Mines In Nebraska A Taxing Controversy

Mining tax issues not buried in Cass county.

The Cassgram reports the county began efforts several years ago, primarily the hiring of a special appraiser, to determine what it believed to be a truer value of active mining properties than what had been used before. In 2007, that resulted in Cass County ordering the new valuations for properties with active mining interests. Three mining companies filed an appeal to the Nebraska Tax and Equalization Review Commission (TERC). The TERC and court of appeals ruled for the mining companies.

The county’s higher mineral valuations are still on the books for 2008 through 2012. The next expected move is the mining companies’ appeal of the 2008 valuations. County Assessor Allen Sutcliffe and County Attorney Nathan Cox are taking a different approach on defending the valuations which includes the return of the special appraiser to Cass County to look at all potential mining properties, not just the active ones. (Archives 9/20/12)

With the rulings invalidating the 2007 taxes, the entities that received those taxes are returning the money. It is a significant amount in some cases.

According to information supplied by Cass County Treasurer Richard Wassinger, the most affected entity is the Weeping Water School District which has to return over $98,000. The Louisville School District’s amount was about $7,000 and the Elmwood-Murdock School District was just over $2,000. (Weeping Water and Elmwood-Murdock took the option of claiming hardship which allows repayment over five years, said Wassinger.)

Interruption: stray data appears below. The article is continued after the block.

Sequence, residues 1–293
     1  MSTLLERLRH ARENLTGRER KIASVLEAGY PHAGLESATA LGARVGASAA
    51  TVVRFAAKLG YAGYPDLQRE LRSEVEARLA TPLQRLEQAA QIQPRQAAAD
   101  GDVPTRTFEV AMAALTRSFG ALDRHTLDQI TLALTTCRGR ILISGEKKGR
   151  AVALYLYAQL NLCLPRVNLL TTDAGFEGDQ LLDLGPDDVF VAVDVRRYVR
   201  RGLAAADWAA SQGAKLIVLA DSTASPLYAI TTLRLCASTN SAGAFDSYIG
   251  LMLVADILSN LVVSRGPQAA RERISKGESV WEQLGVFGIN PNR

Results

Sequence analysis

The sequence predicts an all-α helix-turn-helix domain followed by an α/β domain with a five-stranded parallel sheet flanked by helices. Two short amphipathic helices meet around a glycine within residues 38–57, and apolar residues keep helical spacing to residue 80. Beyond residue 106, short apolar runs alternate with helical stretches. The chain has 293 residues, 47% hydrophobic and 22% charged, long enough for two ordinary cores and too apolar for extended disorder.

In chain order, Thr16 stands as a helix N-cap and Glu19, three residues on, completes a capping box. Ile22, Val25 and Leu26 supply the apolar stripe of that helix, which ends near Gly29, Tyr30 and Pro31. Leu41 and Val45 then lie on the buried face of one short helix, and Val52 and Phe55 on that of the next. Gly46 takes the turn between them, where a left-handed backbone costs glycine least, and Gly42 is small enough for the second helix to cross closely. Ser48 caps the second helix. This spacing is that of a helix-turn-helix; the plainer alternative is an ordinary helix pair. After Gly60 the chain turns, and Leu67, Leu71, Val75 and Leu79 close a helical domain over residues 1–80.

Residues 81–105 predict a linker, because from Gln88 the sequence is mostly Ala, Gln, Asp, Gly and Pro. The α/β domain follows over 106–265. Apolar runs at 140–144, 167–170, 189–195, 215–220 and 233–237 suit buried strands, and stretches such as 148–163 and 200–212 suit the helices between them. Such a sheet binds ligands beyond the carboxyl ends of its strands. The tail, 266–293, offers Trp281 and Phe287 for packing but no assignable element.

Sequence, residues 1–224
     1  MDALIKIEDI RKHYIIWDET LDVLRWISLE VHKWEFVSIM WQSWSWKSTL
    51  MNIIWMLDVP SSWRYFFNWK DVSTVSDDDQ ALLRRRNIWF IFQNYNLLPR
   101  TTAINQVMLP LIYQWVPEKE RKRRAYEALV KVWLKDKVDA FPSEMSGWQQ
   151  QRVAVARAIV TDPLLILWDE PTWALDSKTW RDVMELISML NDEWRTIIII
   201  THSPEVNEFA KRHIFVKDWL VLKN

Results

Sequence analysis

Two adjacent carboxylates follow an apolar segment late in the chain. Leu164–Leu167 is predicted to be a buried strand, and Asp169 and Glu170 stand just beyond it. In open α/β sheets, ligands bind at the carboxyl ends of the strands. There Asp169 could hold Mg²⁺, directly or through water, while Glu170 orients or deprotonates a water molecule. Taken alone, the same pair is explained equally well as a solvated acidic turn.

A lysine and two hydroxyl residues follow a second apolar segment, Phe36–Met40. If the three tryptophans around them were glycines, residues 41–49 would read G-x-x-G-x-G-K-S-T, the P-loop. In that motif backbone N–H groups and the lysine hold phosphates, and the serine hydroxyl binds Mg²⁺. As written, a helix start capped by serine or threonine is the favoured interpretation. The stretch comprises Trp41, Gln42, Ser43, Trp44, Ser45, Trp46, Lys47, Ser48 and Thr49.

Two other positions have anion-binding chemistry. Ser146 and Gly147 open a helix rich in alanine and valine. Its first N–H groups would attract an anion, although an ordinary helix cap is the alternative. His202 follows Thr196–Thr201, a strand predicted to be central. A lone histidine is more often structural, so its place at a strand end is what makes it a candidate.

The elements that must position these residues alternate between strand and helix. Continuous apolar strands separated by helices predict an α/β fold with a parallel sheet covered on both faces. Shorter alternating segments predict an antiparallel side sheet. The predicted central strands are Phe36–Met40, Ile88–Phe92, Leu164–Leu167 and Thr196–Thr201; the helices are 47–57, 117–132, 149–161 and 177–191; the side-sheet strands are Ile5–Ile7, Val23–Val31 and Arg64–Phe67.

Cass County is refunding just over $39,000. To repay that 2007 amount, the county board directed the money be borrowed out of Inheritance Tax and then repaid in the 2013-14 budget.

In addition, fire districts, the county ag society and other taxing authorities are repaying too, although they are smaller amounts.

District 5 Commissioner Ron Nolte and District 4 Commissioner Dave Nielsen have not supported the county’s efforts in defending the mineral rights assessments. Both have said mineral rights appraisals need to be addressed more definitively through the state legislature.

Nolte looked to the commissioners-elect in the audience (John Warsing of District 1, Dan Henry of District 4 and Duane Murdoch of District 5) and said, “This has got to stop …we are going nowhere with it. It presents a false budget to our school districts.” Nolte said the county does not have the support of the State of Nebraska. Nielsen said there was a situation where there was tax imposed on property that was already mined. “There wasn’t anything there …so we don’t know what’s under there.”

Murdoch presented a question. “If we’re going to tax on that, why doesn’t the state tax on all the irrigation wells? That (water) would be a resource that they’re using.”


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